Medical marijuana businesses in Oklahoma have been left in a lurch after finding out they don’t have access to disaster relief funds to help cushion them from the Coronavirus’ economic fallout. And as more regions go into lockdowns to curb the spread of the disease, they have started feeling the pinch of reduced demand and sales.
Dubbed COVID-19, the virus first appeared in Wuhan, China late last year. A few months later, more than 400,000 have been infected and at least 20,000 have been left dead in its wake. It is a pandemic like we’ve never seen before, and experts say up to 70% of the world’s population may end up infected by the virus.
To prevent its spread, countries all over the world have started going into lockdowns, shutting down all but the most essential businesses and instructing residents to stay indoors and leave for only the most pressing reasons. While this will ultimately curb the spread of the Coronavirus, it has had adverse effects on the economy.
To help keep businesses from going under, the government has prepared a disaster relief fund, and through the federal Small Business Administration (SBA), it will disperse these monies to eligible businesses. Sadly, marijuana businesses don’t fall within this category.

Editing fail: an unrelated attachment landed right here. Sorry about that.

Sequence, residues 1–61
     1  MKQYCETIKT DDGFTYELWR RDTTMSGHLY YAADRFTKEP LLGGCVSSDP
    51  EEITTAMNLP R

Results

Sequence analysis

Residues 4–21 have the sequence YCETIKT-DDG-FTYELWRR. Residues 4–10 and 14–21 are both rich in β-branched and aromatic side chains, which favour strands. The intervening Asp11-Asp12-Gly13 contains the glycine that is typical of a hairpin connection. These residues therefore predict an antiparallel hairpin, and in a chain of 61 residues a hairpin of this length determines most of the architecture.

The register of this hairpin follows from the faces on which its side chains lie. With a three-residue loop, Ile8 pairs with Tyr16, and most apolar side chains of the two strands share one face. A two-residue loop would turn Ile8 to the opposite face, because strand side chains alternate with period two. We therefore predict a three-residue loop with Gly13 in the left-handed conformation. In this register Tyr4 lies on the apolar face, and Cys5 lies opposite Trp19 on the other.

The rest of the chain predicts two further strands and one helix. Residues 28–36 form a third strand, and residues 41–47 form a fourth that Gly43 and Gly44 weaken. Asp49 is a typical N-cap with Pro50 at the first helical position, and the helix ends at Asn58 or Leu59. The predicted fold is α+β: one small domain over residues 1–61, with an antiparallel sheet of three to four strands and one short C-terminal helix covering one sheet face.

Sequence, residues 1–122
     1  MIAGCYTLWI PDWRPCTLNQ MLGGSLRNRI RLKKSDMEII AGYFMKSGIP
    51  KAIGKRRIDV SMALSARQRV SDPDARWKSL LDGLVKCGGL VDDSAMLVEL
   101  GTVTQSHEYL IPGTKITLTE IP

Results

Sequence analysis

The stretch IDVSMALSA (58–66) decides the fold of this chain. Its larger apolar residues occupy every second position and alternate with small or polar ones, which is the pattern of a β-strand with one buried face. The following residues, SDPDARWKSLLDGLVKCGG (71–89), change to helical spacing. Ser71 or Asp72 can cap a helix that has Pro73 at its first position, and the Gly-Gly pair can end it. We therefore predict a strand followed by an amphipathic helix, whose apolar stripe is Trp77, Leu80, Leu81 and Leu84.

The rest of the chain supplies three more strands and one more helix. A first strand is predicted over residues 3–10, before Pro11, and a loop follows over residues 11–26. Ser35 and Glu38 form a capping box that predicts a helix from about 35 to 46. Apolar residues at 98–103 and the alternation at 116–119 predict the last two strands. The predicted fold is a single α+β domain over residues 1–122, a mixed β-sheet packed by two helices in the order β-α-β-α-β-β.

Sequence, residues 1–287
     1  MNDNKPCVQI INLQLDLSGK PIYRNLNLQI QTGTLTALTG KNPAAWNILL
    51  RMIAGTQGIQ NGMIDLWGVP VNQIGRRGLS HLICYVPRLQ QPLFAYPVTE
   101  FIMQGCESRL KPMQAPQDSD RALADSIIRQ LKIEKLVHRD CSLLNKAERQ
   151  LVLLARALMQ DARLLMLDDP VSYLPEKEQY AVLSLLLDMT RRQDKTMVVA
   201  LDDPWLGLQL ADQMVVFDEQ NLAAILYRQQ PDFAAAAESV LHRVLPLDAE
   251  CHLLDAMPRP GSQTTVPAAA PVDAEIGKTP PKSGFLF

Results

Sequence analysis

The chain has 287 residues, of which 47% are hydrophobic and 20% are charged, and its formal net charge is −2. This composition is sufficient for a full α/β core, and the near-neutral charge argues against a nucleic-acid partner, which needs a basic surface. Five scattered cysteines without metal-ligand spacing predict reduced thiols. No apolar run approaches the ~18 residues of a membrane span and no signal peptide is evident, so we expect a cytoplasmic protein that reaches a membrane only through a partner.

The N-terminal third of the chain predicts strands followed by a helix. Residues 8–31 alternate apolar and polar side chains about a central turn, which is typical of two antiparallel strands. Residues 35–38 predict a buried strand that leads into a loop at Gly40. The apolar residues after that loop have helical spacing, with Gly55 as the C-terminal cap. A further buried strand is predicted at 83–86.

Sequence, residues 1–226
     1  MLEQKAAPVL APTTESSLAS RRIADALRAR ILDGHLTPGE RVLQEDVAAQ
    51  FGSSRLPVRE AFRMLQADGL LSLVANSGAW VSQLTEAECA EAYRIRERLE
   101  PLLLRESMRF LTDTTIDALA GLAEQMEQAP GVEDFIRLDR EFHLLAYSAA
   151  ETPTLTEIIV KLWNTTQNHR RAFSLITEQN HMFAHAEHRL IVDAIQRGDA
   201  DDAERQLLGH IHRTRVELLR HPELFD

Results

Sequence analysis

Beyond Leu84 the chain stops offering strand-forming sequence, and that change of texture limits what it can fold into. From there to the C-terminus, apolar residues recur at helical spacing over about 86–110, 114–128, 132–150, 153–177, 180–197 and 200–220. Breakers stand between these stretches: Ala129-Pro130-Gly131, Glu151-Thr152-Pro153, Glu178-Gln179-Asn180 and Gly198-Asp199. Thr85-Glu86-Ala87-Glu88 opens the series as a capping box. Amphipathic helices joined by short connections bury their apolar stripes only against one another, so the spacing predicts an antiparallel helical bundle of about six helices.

John Koumbis, for instance, runs JKJ Processing, a company dedicated to making medical marijuana edibles, and he feels like his business and his patients’ quality of life are hanging in the balance. “Senior citizens, military, people with PTSD, high anxiety, how are we going to take their medicine to them?”
This is especially worrying as Oklahoma doesn’t allow the delivery of marijuana within its borders. “I’ve made 11 calls to the OMMA and the legislature, and I’m not getting any response,” he says, adding that if the state goes into lockdown, his business and others like it aren’t going to get anything.
Daniel Carnes, owner of Mary Jane dispensary in Moore is also worried as he has received little guidance from the authorities. However, like all other businesses, they have to comply with the Coronavirus related measures set forth by the state, and this will undoubtedly have a negative effect.
“At this time, I have not received any type of a memo or notification, other than much like other businesses to follow the protocols set forth by the governor,” he says.
To the governor, he says, “You’re leaving 270,000, more than quarter-million people in your state unattended to, and without any type of answers and no idea of what the future may hold.”
Experts say that the message about the 270,000 patients whose wellbeing hangs in the balance in Oklahoma is exactly similar to what other cannabis industry players, such as Green Growth Brands Inc. (CSE: GGB) (OTCQB: GGBXF), are all concerned about wherever they have clients.
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